About one month after South Carolina disclosed that settlement negotiations with the federal government had collapsed, the state is again urging a federal court to swiftly grant it a multimillion-dollar payout related to plutonium stored at the Savannah River Site, a sprawling nuclear reserve south of Aiken.
South Carolina's legal team, led by Attorney General Alan Wilson, on July 31 asked the U.S. Court of Federal Claims for a $200 million summary judgment in its favor, arguing money is and has been available for it.
The amount sought represents two years of fines levied against the U.S. Department of Energy for not removing weapons-grade plutonium from the Savannah River Site.
The South Carolina team said it had previously identified "multiple" sources for the payout, and Congress never prohibited the Energy Department from completing the payments.
Federal law mandated — beginning Jan. 1, 2016 — that DOE pay South Carolina $1 million for each day, up to 100 days per year, that the department failed to process plutonium at its Mixed Oxide Fuel Fabrication Facility or get 1 metric ton of the material out of the state.
The MOX facility was designed to convert plutonium into fuel for commercial nuclear power plants, but it was still unfinished when DOE axed the project last year after more than a decade of work and billions of dollars spent. The department "chose to not remove the defense plutonium, thereby obligating it to provide the" payments, according to South Carolina's 10-page filing.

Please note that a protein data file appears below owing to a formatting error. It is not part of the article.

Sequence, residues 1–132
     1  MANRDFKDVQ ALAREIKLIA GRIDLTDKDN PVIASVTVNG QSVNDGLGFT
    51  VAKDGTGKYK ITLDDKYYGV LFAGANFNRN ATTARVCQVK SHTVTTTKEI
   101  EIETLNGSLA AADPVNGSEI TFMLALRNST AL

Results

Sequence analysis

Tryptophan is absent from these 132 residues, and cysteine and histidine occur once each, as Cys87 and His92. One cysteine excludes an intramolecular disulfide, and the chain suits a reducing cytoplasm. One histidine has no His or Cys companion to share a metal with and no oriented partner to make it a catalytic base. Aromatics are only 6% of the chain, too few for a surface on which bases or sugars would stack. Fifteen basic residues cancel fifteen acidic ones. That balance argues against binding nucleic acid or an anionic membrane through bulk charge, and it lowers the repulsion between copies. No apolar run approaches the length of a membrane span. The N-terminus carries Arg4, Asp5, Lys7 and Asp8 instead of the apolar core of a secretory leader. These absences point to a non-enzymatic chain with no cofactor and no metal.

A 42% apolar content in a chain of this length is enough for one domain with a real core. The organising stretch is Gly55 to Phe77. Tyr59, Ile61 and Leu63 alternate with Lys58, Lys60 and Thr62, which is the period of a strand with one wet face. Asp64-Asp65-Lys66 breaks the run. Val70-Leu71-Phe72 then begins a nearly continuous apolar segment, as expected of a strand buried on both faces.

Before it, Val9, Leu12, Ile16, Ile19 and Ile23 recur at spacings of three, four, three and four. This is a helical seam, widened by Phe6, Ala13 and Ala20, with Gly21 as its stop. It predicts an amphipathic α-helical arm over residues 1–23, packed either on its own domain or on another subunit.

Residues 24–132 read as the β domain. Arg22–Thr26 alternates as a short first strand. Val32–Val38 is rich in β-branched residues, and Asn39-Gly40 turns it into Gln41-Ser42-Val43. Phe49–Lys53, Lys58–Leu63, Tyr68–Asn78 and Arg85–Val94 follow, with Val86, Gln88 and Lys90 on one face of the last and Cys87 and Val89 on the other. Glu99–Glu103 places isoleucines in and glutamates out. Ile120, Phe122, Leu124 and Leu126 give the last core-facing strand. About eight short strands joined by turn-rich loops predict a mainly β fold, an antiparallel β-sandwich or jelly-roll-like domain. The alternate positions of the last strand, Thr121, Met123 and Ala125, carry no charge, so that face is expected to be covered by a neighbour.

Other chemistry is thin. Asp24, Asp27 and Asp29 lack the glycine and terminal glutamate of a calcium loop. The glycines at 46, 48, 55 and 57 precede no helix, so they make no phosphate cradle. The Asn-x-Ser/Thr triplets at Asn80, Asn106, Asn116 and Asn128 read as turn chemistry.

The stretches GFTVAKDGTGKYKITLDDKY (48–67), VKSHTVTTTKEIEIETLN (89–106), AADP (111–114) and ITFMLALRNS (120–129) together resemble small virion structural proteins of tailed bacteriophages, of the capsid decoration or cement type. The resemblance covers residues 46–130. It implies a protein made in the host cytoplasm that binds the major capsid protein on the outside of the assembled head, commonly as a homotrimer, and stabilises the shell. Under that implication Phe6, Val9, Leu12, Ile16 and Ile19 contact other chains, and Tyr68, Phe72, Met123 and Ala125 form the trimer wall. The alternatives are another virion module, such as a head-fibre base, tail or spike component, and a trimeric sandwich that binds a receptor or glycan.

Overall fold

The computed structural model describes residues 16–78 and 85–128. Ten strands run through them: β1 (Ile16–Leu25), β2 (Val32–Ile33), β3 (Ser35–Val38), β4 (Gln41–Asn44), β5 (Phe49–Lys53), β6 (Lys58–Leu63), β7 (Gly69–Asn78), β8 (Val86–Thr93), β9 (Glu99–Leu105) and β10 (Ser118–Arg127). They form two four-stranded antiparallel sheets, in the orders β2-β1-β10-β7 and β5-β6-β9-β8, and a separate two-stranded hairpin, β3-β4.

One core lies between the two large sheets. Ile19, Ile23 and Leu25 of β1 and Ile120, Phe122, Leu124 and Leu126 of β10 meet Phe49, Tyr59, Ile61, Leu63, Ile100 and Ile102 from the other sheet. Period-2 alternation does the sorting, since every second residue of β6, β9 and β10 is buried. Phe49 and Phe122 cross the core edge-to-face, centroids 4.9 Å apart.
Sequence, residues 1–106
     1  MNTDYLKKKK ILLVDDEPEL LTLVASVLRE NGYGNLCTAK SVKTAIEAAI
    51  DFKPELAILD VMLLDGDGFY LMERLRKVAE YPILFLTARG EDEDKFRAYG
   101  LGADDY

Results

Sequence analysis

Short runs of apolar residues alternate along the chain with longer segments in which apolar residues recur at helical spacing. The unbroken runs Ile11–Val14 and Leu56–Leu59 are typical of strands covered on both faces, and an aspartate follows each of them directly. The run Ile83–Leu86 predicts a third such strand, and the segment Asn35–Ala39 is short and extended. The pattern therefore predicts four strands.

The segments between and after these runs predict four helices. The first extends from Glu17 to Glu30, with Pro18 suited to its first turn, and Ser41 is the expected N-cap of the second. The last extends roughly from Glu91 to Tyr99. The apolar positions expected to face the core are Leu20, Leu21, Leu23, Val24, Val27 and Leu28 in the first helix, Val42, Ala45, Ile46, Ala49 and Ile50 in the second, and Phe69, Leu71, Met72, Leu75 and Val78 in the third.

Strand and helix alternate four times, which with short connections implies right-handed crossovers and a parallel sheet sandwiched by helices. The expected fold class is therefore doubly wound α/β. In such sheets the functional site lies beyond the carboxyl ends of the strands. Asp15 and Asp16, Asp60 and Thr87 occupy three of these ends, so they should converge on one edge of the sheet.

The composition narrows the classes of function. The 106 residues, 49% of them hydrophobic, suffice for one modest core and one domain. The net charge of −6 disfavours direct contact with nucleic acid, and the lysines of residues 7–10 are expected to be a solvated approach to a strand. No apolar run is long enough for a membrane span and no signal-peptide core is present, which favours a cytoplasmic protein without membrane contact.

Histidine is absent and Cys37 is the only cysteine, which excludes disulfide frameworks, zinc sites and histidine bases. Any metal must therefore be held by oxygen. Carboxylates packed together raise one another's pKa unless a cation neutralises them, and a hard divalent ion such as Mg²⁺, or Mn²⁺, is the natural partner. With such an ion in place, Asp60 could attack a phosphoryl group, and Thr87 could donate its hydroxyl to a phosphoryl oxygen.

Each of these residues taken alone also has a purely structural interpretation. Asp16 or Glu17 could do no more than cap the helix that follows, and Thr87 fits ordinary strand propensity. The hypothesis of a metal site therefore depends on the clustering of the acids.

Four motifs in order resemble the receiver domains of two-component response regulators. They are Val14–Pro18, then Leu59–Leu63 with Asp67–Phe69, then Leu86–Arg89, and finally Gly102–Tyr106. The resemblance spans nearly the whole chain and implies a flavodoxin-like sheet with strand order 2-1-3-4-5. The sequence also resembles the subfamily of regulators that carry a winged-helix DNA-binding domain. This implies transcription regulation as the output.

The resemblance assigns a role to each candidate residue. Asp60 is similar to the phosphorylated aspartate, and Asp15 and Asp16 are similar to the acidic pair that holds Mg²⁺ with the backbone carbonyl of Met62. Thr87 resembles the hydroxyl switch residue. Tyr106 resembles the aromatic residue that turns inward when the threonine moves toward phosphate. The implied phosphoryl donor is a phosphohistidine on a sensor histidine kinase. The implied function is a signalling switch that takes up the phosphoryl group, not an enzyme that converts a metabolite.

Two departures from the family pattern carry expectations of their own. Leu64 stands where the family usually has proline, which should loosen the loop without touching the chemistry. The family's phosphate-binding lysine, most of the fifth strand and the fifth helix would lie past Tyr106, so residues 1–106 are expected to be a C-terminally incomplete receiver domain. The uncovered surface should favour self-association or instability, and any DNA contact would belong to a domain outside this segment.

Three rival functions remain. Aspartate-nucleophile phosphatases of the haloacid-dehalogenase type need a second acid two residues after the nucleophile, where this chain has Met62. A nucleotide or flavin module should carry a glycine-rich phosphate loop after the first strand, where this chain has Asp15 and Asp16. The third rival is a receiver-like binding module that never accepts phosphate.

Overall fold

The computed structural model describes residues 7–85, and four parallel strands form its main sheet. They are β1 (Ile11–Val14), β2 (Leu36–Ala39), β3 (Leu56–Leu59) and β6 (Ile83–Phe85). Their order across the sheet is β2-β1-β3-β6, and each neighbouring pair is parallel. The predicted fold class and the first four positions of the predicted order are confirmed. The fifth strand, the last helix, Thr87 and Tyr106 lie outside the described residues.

In sharp contrast to the Palmetto State's position, the Energy Department last summer argued it could not disburse the millions of dollars because funds for it were not in place.
"Because the United States is not liable in the absence of available appropriations, the court must dismiss the complaint," one of the federal government's court filings reads.
About 12 metric tons of surplus plutonium was kept at the site as of mid-May, according to a National Nuclear Security Administration official. Only some of that was bound for MOX. A majority of the plutonium meant for MOX never reached the site, the same NNSA official said.
South Carolina and the federal government had been in the negotiation process for months to resolve the dispute over the fines.
An impasse was recognized near the end of June, when the state's legal team said the U.S. Department of Justice wasn't engaging with them and had only provided a single "lowball" counteroffer.